Highly mechanised, efficient forestry came to Finland from Europe after World War II. Since then Finland has incredibly rapidly become a country of what are laconically called ìtree fieldsî (comparable to corn fields). Bad points of this kind of forest management include clearfelling, low thinning, nitrogen fertilisation, and a desire for fast growth. ìLow thinningî means that small trees are cut and larger ones are retained. According to Nissi, however, the latter often have too many branches (showing up later as knots) and are of generally inferior quality. A genetically selected tree that has been artificially fertilised with nitrogen is prone to damage by storms and frost, as well as by pests.

The purpose of Pro-Silva Europe (The Association of European Foresters Practising Forest Management Which Follows Natural Processes), established in 1989, is to re-populate Europe with natural, genetically variable forests. In Finland, modern commercial forest management has been challenged by natural forest management ideals, promoted by The Association for Sustainable Forestry. The idea is to retain a composition corresponding to that of a naturally growing forest, even after cutting. The lower vegetation is retained and there is neither clearfelling nor low thinning. For harvesting purposes, light and cheap alternatives are employed, for instance an agricultural tractor or horse.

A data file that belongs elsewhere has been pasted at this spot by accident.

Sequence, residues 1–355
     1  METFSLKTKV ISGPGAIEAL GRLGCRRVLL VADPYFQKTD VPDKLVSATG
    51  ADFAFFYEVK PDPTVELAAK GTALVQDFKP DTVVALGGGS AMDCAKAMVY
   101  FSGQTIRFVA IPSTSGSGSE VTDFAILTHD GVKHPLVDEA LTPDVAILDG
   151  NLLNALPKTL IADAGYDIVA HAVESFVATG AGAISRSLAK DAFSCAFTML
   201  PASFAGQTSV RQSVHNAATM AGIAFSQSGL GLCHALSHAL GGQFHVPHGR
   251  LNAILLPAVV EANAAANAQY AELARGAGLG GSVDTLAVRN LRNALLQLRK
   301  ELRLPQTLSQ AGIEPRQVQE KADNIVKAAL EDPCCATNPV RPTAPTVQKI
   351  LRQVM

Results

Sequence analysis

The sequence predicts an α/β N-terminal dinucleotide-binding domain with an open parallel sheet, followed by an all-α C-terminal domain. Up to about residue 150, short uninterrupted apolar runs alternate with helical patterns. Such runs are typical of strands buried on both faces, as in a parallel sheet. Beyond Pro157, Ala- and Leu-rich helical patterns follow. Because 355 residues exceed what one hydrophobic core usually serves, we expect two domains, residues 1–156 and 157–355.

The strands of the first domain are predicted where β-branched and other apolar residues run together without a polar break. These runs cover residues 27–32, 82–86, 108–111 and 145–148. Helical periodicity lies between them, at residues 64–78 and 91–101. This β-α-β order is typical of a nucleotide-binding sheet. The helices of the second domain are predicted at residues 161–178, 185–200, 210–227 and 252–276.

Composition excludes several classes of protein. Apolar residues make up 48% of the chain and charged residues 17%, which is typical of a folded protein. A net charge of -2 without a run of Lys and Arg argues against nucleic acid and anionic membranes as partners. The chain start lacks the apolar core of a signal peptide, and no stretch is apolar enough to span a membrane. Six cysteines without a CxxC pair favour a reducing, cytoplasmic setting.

Forests formed by trees of different species and ages have a variable composition and in general are more healthy than ìtree fieldsî, which support even-aged stands. Another advantage is that the forest remains a forest and the familiar wooded landscape is conserved. On today's clearcuts there will be no real forests until our grandchildren's day.

Czech republic revives its forests
By Teuvo Suominen
Pages 44-45

The landscape could be a moonscape, if it were not for the stark silhouettes of dead standing trees resembling skeletons. This is what greets the visitor to the heart of Europe's acid rain areas in the Erzgebirge mountains on the Czech-German border. In this region, heavy industry based on lignite for several decades was governed by Eastern Europe's ponderous socialist economy and outmoded environmental policy.

The ticking time bomb finally went off in the 1960s, when forests began to die standing. With the winds of political change, however, the amount of acid rain began to decline. Today's situation is that there continues to be too much acid, despite a healthy 80% reduction in sulphur emissions compared to the level during the worst years of acid rain precipitation. Sulphur recovery technology has come to eastern Europe and there is now some confidence in a better situation in the future.

Forest studies are by their very nature slow affairs and there is still no sign of a definite recovery of the ìacid rain forestsî. The Czechs are a persevering race, however. Cuttings have been taken from some of the trees that have survived the pollution and these are now sturdily growing. Silver fir (Abies alba), Colorado, or blue, spruce (Picea pungens) and birch (Betula) have been successfully planted in open ground on trial plots. Despite liming, the soil unfortunately remains depressingly acid. Other problems include magnesium deficiency.

Teksti: Leigh Plester